Have Bikini. Will Travel: The Ultimate Guide to the Maasai Mara

October 20, 2019

Have Bikini. Will Travel: The Ultimate Guide to the Maasai Mara

This year I had the unique experience to visit over 70 properties in the Maasai Mara across twelve conservancies. You might say I’ve become a safari expert, not only on when and where to go, but on what makes a good safari camp. So here it is. Everything you ever wanted to know about the Mara.

When to go: 

July, August, and September are the most popular months if you want to see the great migration. However, it’s also the busiest and most expensive time to go. I would avoid it if you can.

The Maasai Mara is an enormous ecosystem where life, on a big and small scale, gets played out daily, twelve months a year. It is teeming with wildlife: hippos galore, massive herds of buffalo, wildebeest, zebras, big cats (lions), and smaller cats (cheetahs and leopards), elegantly awkward giraffes, tree bulldozing elephants, and if you’re lucky, rhinoceros too. My advice is just go, even during rainy season (April & May), you won’t be disappointed.

For detailed insight into what you can expect and when, Alex Walker is your man. He runs some of the most spectacular camps in the Mara and Serengeti, and is my go-to guide for the region. See his guide “What to do when” for more detailed information.

Where to go?

Think of the Maasai Mara like London. While you can stay in Zone 1 (the National Reserve and Mara Triangle), Zones 2 & 3 (greater Mara) are equally, if not more, interesting. The Mara is in fact a network of conservancies with ever-changing borders, and each conservancy (just like each London borough) has its own unique characteristics.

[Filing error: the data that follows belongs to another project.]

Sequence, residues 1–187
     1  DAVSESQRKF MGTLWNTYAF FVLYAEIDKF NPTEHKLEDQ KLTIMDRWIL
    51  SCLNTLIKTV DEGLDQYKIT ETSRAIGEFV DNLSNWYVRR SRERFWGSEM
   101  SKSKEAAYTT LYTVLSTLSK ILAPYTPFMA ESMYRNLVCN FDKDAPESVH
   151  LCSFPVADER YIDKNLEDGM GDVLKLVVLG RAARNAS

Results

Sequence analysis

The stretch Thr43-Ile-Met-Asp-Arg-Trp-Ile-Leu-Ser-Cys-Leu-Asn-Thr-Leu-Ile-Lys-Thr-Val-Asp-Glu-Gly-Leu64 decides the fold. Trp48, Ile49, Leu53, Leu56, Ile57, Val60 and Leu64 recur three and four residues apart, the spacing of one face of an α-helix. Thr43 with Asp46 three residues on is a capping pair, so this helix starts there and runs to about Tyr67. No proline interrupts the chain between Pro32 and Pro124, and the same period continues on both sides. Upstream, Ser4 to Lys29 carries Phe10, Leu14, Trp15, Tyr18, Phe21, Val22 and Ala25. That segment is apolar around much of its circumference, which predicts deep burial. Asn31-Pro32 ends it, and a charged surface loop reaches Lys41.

Personally, I prefer the North: Lemek, Mara North, and Ol Motorogi. These conservancies are less well known, more exclusive, shared by a very small number of eco-camps, and still very much home to local Maasai communities. Unlike the national reserve, which is the exclusive domain of animals and tourists, the outer-lying conservancies exemplify a delicate balance between man and nature that is hard to find.

Where to stay?


  • Teeming with wildebeest and giraffe where you can have your own “Out of Africa” moment
  • Stay at Serian (The Original) by Alex Walker for it’s mix of quirky, bohemian, and cool (ok, Serian is actually part of Mara North, but it's closer to Lemek)
Serian The Original
Tented accommodation at Serian The Original


  • I fell in love with this conservancy, largely because I spent 3hrs being lost in it, but also because of the wonderful owners of Richard’s River Camp, Richard & Liz, who have made it their home.
  • That night there it was a full moon, which rose from behind the hill so brightly I thought it might have been a football stadium. Elephants danced behind us at the dinner table, lions called out across the plan, hippos sang from the river below, and baby bats hung from the apex of the dining tent.
  • Stay at Richard’s Camp, which is elegant, understated, and utterly wild
Richard's River Camp
Evenings at Richard's River Camp

  • There are a number of (mostly luxury) properties along the Oloololo escarpment as you weave your way towards the main entrance of the Mara Triangle, including Angama, &Beyond Kichwa Tembo, Bateleur Camp, and Sanctuary Olonana.